When Life Gets Stale: How to Fix a Life Gone…fine.

Sometimes life can get a little stale.

Midwest winter is coming, after all, and that involves a lot of being inside and then being inside some more, and then continuing to be inside. Not exactly thrilling.

And before I say another word, I recognize a “stale” life is a problem of the privileged.

“Oh no! My job with cool people and awesome healthcare that lets me pay my loans, put a roof over my head, and buy occasional sweaters with woodland animals can occasionally be a little one-note! It’s giving me no ideas for my lifestyle blog!”

I’m not expecting anyone to feel sorry for me. Don’t worry! I’m really really excellent at feeling sorry for me. Enough for the both of us. Here is the list of things I’m great at:

  1. Scarf-having
  2. Feeling sorry for myself
  3. Clapping on the beat

“Feeling sorry for myself” would be first, but I’m just really great at scarves.

So yeah, that part’s covered. But if you find yourself thinking, “hey! My life is as stale as a year-old box of saltines with a stamp-collecting hobby!” here are some options that work for me:

  • Pout
  • Loudly pout
  • Loudly, aggressively pout
  • Start writing poetry (probably about your pouting)
  • Read your loud-aggresive-pout poetry to your office mate
  • Take up calligraphy, so you can frame your loud-aggresive-pout-poetry that your office mate really loves, and remember it forever!
  • Remember no one likes a pouter or a pouter poet, except your office mate of course, and start planning your hypothetical Eat, Pray, Love-discover-yourself trip
  • Be sad when you can’t actually afford your Eat, Pray, Love-discover-yourself trip
  • Tell your office mate about how sad you are
  • Decide to make a vision board!
  • Decide you don’t want to spend money on the required three bottles of vision-board glitter, so you just think about a vision-board instead.

And when you realize that none of these things actually get you anywhere, here are some other options to try:

Take a Day Trip


This weekend, I’m going to Milwaukee. The Milwaukee Art Museum has an exhibition about German cinema. Do I know anything about or particularly like German cinema? No! But a museum show about German cinema is not the inside of my apartment! Hooray!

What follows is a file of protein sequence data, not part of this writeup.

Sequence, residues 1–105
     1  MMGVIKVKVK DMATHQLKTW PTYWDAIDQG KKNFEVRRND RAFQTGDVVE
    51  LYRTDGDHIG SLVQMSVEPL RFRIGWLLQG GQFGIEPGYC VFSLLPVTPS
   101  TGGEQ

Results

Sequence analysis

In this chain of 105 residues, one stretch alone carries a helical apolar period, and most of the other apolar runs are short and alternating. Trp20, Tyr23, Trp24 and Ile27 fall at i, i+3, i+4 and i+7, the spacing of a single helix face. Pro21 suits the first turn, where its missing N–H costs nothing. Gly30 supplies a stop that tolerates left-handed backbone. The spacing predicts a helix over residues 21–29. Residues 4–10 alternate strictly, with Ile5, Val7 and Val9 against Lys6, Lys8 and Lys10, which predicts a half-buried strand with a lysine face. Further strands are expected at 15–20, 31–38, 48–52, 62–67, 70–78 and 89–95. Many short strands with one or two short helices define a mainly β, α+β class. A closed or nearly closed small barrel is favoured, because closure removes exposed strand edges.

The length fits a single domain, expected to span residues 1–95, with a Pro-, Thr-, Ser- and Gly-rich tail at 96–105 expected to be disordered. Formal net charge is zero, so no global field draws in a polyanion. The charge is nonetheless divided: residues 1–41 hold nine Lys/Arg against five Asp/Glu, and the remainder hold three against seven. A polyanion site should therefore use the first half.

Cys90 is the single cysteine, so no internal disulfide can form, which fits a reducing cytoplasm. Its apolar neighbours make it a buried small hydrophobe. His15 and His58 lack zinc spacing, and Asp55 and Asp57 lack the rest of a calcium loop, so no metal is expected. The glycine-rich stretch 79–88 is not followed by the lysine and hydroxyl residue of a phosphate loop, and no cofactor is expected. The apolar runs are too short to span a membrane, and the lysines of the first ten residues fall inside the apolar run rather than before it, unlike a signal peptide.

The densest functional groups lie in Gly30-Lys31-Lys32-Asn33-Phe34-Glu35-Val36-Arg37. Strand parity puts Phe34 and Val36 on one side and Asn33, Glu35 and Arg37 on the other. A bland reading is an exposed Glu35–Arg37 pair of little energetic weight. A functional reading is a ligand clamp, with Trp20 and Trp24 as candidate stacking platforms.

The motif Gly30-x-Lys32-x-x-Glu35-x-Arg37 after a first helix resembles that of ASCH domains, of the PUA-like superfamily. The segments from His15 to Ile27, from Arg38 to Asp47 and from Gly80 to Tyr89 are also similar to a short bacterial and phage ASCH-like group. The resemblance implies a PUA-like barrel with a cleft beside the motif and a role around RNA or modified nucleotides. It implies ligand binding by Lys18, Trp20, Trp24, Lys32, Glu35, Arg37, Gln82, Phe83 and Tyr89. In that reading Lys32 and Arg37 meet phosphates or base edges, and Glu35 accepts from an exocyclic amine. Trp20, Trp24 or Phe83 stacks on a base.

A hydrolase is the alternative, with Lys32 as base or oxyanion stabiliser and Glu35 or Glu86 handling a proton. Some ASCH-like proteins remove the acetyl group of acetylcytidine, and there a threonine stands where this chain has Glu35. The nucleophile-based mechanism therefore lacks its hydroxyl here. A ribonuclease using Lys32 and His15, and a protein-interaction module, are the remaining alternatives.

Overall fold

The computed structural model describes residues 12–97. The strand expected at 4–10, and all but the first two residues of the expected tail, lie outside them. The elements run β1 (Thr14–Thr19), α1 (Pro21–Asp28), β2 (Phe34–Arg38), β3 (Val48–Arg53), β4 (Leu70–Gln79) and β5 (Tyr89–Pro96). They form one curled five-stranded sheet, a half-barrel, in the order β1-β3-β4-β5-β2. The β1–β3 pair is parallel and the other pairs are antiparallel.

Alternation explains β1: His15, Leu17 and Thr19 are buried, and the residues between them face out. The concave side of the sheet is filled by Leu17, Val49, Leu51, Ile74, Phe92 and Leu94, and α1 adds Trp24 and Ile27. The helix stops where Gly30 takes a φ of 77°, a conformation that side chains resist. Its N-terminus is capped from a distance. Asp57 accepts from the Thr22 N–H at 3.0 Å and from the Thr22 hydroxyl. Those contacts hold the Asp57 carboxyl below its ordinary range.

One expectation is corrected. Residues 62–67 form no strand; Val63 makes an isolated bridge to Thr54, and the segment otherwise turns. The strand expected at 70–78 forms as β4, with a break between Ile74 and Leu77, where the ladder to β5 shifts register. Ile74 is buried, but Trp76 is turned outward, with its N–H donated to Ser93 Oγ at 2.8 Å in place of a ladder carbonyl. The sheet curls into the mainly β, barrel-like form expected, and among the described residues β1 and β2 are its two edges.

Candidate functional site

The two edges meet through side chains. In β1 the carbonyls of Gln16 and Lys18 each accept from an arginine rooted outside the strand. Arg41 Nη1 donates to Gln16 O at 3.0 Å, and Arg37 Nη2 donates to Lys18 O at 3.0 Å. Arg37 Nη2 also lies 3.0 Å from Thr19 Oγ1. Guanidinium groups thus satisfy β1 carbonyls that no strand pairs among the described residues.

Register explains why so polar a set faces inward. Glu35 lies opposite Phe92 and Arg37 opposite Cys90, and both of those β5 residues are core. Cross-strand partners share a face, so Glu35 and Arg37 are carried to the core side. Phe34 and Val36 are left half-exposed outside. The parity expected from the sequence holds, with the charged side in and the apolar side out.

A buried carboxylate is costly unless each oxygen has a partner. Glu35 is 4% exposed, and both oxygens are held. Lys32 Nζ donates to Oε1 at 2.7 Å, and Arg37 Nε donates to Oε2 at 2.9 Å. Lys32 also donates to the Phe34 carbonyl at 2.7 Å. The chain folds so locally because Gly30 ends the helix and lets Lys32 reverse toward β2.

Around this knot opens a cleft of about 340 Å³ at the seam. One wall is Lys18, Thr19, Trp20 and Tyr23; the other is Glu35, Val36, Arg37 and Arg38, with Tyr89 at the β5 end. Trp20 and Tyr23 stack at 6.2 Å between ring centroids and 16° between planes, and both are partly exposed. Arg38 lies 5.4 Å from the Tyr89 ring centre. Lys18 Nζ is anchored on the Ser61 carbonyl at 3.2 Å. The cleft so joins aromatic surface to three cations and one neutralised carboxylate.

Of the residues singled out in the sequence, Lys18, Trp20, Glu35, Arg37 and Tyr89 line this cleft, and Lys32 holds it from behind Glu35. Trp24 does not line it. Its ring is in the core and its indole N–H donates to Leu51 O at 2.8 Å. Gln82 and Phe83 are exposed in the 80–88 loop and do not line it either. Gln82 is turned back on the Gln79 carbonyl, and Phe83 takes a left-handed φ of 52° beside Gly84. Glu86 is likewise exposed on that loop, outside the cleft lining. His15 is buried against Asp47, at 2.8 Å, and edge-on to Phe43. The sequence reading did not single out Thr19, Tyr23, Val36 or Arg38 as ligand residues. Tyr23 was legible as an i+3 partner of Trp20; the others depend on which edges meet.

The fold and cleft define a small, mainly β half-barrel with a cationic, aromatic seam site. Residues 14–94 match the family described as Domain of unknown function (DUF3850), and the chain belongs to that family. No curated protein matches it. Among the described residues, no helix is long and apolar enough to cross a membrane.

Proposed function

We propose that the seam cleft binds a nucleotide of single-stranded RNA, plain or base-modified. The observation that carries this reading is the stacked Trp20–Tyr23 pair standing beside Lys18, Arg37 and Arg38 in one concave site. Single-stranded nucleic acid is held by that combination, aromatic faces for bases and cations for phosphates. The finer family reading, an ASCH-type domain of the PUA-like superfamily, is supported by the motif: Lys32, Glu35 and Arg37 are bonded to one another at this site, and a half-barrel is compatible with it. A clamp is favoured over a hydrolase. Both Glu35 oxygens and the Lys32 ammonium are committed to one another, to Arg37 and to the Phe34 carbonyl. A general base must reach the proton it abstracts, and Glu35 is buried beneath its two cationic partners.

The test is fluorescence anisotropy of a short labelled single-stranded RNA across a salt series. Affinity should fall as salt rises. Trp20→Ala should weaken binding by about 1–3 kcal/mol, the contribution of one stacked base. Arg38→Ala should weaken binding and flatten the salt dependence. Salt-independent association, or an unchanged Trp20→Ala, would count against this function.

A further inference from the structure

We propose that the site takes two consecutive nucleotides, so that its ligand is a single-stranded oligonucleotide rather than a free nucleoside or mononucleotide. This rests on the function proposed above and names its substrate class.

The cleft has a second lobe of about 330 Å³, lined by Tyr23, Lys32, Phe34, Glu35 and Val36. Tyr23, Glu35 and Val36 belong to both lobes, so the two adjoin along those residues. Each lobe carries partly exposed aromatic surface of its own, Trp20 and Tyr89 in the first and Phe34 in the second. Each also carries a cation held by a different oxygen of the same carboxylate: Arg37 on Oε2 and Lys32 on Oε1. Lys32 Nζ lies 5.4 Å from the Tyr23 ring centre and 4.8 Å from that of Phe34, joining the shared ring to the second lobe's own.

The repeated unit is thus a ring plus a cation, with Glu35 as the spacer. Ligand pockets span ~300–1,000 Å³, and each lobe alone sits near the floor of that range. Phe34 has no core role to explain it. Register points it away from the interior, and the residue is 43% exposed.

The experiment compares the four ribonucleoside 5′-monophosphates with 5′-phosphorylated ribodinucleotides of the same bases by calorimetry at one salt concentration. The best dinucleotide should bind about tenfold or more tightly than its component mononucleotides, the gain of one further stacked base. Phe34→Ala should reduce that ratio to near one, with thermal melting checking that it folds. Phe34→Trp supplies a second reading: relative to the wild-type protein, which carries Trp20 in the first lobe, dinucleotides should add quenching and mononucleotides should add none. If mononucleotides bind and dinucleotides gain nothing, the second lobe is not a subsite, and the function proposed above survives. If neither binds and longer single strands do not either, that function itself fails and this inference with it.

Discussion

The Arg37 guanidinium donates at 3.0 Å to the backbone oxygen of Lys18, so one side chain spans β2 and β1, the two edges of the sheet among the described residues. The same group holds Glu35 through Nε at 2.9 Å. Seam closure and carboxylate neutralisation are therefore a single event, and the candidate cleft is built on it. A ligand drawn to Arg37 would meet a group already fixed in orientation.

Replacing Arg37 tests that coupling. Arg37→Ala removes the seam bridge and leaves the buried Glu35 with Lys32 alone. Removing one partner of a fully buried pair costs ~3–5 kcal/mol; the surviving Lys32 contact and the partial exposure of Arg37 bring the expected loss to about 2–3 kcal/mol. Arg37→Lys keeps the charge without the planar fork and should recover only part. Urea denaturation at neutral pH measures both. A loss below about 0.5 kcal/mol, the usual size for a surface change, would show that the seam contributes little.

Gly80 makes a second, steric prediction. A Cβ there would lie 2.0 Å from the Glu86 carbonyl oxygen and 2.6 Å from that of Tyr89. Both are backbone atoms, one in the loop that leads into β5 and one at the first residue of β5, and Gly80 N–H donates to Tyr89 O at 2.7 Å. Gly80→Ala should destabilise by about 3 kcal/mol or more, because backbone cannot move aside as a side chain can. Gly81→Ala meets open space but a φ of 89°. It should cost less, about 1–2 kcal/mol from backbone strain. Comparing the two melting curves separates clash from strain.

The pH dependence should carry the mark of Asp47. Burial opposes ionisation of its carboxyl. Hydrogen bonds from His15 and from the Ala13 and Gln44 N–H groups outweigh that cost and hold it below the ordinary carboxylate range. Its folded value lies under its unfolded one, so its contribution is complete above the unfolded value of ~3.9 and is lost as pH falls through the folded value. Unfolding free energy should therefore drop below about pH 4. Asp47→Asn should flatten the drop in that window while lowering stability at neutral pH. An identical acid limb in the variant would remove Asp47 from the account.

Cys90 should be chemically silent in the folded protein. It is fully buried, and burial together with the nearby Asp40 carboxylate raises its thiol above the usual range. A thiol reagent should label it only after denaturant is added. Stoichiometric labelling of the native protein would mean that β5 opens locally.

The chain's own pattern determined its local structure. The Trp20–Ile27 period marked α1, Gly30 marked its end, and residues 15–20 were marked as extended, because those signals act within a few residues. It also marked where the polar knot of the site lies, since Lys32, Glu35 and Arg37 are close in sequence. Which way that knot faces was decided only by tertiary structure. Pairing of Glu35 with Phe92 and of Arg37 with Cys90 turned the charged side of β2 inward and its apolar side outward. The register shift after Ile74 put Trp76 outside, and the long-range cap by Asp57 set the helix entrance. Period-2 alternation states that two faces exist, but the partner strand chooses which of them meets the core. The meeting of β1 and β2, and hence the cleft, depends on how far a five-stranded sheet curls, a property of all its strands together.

Websites like Atlas Obscura and Roadside America help you find unexpected, weird, and unique attractions in your backyard, and many of them are…wait for it… free. You can save money for your Eat, Pray, Love-discover-yourself-and-also-discover-some-Italian-food trip!

Other options:

  • Take a hike! (But not in the sassy “get out” way! In a “nature is so fun and green!” way)
  • Try a new restaurant in a nearby town. Especially if they have pie.
  • Go to a museum. They’ll be really excited to see you.

Learn a Language

This is the owl that every day at 12:00 reminds you that you aren’t yet fluent in French.

I have feelings about the DuoLingo owl.

I hate him. Those are my feelings about the DuoLingo owl.

Aside from my feud with that know-it-all jerk, DuoLingo has the right idea. It’s a free app for your phone or iPad that offers lessons in different languages.

If bossy owls aren’t your thing, other apps include: livemocha.com, Memrise.com


Or if we broaden the definition of “language,” websites like codeacademy.com, codeavengers.com, or if you’re more project-oriented, you can try treehouse.com, will teach you coding languages, something that never hurts to have in your back pocket.

Cook something ridiculous. (Involve fire if you can.)

Or a big honkin’ fish.

Fire isn’t required, per say. I’m just saying, you’ll be a less interesting person if you don’t include fire in your next cooking adventure.

Or don’t include pyrotechnics. That’s cool too.

What I’m getting at is… try and find a recipe that A) you’ve never made before and B) is at least a little bit involved. Interesting and complicated food is a quick and easy way to shake up your “roast chicken and also roast vegetable and roast roasty roasting” rhythm you’ve been rocking lately.

If I’ve learned anything from Kenji Lopez-Alt, master of the 2837 step recipe, it is that a little bit of exactitude and complication means the food you end up with is that much more delicious. Sometimes if something tastes like you been working at it for hours, it requires you to work at it for hours.

So find a recipe that makes you think, “wow. 33 ingredients? All right. I guess I’m in.” And chances are, at least 29 of those ingredients serve a purpose. Not every recipe you make has to be like this, but it might be nice to eat something that just tastes amazing.

Some suggestions:

Julia Child’s Coq au Vin

Salt-baked Bronzino

(You don’t actually have to have an open flame, but maybe consider holding a sparkler while you cook? You know. Patriotism and stuff.)


I don’t know about you, but these are the things I’m trying to feel like I don’t need to spend money on an Eat, Pray, Love-discover-yourself-and-also-Italian-food-but-mostly-yourself trips or write poetry about my thoughts and feelings to share with my colleagues.

It was snowing outside earlier today, and I gotta say. I’m not ready for winter. Despite popular opinion, I’m not an actual bear. I don’t know how to hibernate. I need things to change. And if they can’t on their own, I will make them change.

There will probably be more stale days waiting, but if I can start winter with a game plan, I’ll worry less.

My office mate should buckle up, though.

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